The sudden staffing reduction prompted shuffling of some members and promotions for others – and the training was constant: “We had to get these companies up and running, and it took a long time, but the guys stepped up and they’re great rescue men and squad firefighters now,” LaFemina emphasized.
The incident changed the training dynamic of the fire service, not just in New York City, but around the world, he added: “Better training, better equipment, better preparation. ‘Expect the unexpected’ – we used to always say that, but we went above and beyond after 9/11.”
‘Every day of my life’
LaFemina has not been near the World Trade Center site in nearly 10 years. Every September 11, he goes to Rescue 1 on 43rd Street, several miles away from Ground Zero, for a ceremony, then heads home and “hopes the day ends quickly.”
It’s not that he wants to forget or dismiss the day; in fact, he remembers the day like it was yesterday. But he chooses to focus on the firefighters. Of the 343 firefighters killed on 9/11, LaFemina knew 202 of them, 92 of whom he worked with on a regular basis as part of the command unit.
“Every guy, especially in my command that I worked with, had a little piece of my career. Billy Lake in Rescue 2, he was always busting chops. And Kevin O’Rourke, he was the sweetest, nicest guy. First guy to help you at your house. And Chief Downey, the most respected. You know, we called him God. He would run those incidents like they were nothing.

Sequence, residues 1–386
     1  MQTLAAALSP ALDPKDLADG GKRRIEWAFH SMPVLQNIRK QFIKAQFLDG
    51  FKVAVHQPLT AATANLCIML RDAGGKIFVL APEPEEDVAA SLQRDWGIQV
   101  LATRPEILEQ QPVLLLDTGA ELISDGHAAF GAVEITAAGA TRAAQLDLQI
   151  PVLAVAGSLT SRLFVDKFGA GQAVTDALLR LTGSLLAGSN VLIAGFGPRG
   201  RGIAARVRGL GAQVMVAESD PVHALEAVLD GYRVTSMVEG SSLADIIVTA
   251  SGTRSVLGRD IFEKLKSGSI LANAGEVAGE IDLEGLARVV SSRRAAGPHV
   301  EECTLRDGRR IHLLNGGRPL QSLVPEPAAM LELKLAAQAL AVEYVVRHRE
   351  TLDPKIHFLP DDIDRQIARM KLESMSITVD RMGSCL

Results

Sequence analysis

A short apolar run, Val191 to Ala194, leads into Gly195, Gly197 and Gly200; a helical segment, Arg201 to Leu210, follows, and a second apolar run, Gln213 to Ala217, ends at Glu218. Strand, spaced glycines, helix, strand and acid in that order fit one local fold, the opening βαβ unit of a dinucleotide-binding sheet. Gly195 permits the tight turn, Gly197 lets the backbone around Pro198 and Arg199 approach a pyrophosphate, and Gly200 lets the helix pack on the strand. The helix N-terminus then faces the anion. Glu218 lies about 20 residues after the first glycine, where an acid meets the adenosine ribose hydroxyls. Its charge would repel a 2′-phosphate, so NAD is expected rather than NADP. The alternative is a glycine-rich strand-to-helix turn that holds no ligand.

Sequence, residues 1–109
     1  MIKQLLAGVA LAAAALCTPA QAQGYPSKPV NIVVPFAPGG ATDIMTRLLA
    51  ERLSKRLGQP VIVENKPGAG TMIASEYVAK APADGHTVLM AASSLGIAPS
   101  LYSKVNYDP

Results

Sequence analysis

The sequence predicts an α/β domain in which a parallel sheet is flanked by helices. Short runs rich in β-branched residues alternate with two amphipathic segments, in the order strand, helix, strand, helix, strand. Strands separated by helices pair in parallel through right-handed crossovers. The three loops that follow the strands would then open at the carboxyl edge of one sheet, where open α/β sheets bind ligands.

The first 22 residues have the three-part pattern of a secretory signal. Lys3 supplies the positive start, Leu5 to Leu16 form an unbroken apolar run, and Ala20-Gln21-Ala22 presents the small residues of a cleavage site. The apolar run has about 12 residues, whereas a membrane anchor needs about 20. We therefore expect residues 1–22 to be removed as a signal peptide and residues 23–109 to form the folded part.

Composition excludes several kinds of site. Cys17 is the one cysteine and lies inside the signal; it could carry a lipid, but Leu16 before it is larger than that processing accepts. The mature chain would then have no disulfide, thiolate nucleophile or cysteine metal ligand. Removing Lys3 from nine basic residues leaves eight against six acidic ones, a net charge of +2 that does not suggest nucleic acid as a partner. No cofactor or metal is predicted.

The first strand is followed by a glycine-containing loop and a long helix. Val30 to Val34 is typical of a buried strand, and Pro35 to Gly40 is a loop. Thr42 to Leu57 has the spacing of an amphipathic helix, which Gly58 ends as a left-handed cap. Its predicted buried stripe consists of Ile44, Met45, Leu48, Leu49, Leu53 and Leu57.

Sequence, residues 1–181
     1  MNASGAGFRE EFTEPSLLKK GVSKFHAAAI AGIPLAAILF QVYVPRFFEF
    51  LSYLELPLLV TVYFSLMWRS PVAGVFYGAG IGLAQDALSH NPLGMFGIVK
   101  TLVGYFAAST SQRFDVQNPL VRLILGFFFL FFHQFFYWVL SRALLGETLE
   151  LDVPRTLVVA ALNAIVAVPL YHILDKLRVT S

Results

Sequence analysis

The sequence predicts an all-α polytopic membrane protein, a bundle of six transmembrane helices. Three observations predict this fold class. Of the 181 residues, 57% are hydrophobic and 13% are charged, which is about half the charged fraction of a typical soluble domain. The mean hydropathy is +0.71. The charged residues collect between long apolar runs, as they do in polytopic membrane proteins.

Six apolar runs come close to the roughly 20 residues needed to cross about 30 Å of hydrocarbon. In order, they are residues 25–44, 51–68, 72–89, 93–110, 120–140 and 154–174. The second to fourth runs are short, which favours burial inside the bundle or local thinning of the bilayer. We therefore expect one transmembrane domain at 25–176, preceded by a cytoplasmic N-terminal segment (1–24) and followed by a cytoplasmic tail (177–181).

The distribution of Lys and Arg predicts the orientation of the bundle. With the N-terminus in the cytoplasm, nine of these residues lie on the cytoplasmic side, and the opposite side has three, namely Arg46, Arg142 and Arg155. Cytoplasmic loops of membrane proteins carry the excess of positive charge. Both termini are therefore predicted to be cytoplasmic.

“I look at the pictures and I go, ‘Remember this guy and this story?’ I always have a little story in my head about the people I really knew. It’s nonstop. … That’s how I keep it close. And the guys I didn’t know, I don’t have a story, but I know the characters. I know what they stood for.”
He knows because he lived it his entire life, his family a rollcall of firefighters – his father, uncles, cousins and, of course, his brother.
“It was our life, and then this tragic incident occurred. But you keep going, onto the next operation.”
And that’s what he did, continuing to serve the department, lead Rescue 1 and oversee the rebuilding efforts of rescue operations for another 10 years.
LaFemina retired from the FDNY as Chief of Rescue Operations in 2011 – a medical retirement.
“It was my calling, my identity. I would go back tomorrow if they would take me.”